Chitose takes the spotlight from last week’s amazing episode that focused on Momoka and Shibasaki. The episode resembled a slow-building European movie: it usually sucks at the beginning, but as the plot builds up it ends up delivering a great conclusion. Although ‘plot’ is not a word with which the series is familiar, Episode 9 of Girlish Number gave us an uneventful first half with a few interesting moments, and a great second half that built on Chitose’s character.
Japanese Title: 焦燥千歳と疾走ルーキー
How do you make a self-centered prick realize that the world is not revolving around her? You take away some of the stars that she thought would light on her forever. Fictional anime Kyuusure starts its second season, and with the second season come new characters, and with the new characters come new seiyuu. Nanami-san is a young star that has to rely on the advice of her senpai’s, or at least that’s what Chitose thinks. Her look during the new cast event betrays her conflicting emotions. Her delusions about her status as a voice actor haven’t changed, but she feels that maybe something else is changing. The way she looks at Nanami-chan sets the tone of the whole episode, a tone that builds into a crescendo that delivers its final note as Chitose realizes that she is about to lose the most important thing in her life: the support of her brother.
At first, Chitose’s ego is inflated by the admiration of the rookie seiyuu towards her. Nanami’s genuine enthusiasm continues as she defends an objectively bad anime with her love for the original work, a love that tainted her ability to be a critic, and instead became a supporter of the first season. She even bought everything there was there to buy. That’s one dedicated fan. I don’t know if that was referring to the unconditional love that many fans show to their favorite titles, or the ready-to-trigger damnation that the same fans show to everything that is not made according to their expert taste. Nevertheless, Nanami’s positive attitude creates a sense of camaraderie that spreads to everyone involved in the production but two, a missing Chitose that throws up in the bathroom, and a drunk Kuzu that, like Chitose, realizes that there is something wrong with the way he behaves. More about Kuzu in a while.
Back to Chitose, in a scene that resembled the one when she is given the lead role and she is called a star, the president takes her brother from her. She will instead manage the new talent, Nanami-san. Chitose is set aside as easily as she was first chosen. This quote by the President sums up the whole situation in one nifty, sad (but true) sentence:
The privilege of youth is being able to chase dreams. And it’s our duty to sell those dreams
Chitose finds it hard to laugh now. She is broken. She is confused. She is jealous. So jealous that hits her brother right where it hurts by reminding him that he is a failed seiyuu. Everything is crumbling in front of her, and maybe this is the shock she needed to realize that maybe Cinderella is just a story.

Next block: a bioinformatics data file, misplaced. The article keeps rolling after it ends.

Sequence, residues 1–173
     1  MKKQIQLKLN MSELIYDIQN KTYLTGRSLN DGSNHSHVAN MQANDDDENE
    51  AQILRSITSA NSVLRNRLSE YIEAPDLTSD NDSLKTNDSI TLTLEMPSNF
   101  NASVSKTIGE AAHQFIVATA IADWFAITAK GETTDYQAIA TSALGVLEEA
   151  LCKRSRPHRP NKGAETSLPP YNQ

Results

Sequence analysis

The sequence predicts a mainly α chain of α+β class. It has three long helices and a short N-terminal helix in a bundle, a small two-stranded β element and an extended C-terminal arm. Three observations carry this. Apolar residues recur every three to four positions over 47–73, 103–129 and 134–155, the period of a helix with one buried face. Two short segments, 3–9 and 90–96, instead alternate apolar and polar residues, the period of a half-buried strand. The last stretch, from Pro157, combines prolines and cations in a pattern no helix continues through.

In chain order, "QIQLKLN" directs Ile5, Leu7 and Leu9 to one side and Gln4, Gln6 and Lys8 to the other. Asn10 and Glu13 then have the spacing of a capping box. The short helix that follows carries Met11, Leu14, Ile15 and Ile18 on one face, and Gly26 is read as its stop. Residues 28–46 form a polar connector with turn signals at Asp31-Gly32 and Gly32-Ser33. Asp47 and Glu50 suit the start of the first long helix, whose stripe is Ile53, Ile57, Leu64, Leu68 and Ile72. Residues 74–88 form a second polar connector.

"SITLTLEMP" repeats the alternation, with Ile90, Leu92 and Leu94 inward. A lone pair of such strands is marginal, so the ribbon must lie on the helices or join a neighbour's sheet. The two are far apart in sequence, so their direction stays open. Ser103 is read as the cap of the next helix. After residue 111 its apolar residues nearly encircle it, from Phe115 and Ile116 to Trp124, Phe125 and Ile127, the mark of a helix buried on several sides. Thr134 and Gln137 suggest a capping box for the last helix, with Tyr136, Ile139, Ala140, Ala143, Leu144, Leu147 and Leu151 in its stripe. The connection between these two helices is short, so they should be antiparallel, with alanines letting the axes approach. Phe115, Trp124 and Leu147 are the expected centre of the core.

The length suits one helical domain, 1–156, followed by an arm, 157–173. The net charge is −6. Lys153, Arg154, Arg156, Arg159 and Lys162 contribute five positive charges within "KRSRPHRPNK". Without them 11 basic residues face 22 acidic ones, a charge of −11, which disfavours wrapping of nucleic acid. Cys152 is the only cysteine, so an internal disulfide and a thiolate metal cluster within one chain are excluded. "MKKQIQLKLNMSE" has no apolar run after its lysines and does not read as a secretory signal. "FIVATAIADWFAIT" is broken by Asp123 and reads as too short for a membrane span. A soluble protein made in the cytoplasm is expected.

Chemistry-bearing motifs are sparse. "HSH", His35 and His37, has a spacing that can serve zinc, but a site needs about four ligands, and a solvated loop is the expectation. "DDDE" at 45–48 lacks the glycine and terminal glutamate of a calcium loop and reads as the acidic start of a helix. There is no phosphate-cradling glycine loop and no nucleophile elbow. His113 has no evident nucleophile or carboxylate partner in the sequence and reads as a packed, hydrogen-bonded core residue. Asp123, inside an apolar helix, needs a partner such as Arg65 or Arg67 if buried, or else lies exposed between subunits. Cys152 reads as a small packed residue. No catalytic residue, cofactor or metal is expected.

Kuzu went through a similar shock, a shock that felt a little too forced. Although his co-workers keep calling him ‘trash’, we learn from Towada that Kuzu wasn’t always the prick we came to know. He was ad diligent and hard-working guy. What happened? He was driven away by his rival, whose name I don’t really remember, if it was even mentioned. Their meeting in the hostess club came right from a shounen manga, and even the animation changed to resemble the difference in the mood. Even though the scene ended in humor, the result was the same: Kuzu, like Chitose, comes to a revelation he can’t ignore and asks for Towada’s help. To be honest, I felt sorry for the guy. And the hostess that his rival stole from him wasn’t that pretty.
Kuzu and Rival Scene: The reason Kuzu became a self-centered asshole was that he was driven away from his previous company by a bigger self-centered asshole, if that was even possible. His rival was so repulsive that I secretly wished for Kuzu to punch him in the face.
Themes & Trivia
Streaming: It was expected that an anime like Girlish Number would mention illegal streaming at some point, but the mention was brief and uneventful. It’s true that the revenue model in the anime industry has changed in the last decade due to the advent of illegal streaming sites. For the same reason we have less original anime and more adaptations that promote the original work. For the same reason amazing anime may never get as second season when mediocre titles may get a third or a fourth.
Girlish Number is an anime that does a few things better than others. The plot is not as thick as I would expect it to be, but there is one thing that it does so good that it shines over any flaws: character building. Each and every personality is so unique that my otherwise weak memory has no problem remembering the names of even the minor characters. The writing is incredible. Even in an uninteresting situation, the words of each character are always in-role.
Chitose and Her Crumbling Illusions
That could be part of next week’s title. Chitose is finally realizing that her dreams mean nothing to the people who can make them true, and the only person that she could rely on is no longer there to help her. She has not only lost her brother as a manager, but also as her only friend.
Did you like the episode? Let me know in the comments below and don’t forget to check the rest of our episodic reviews!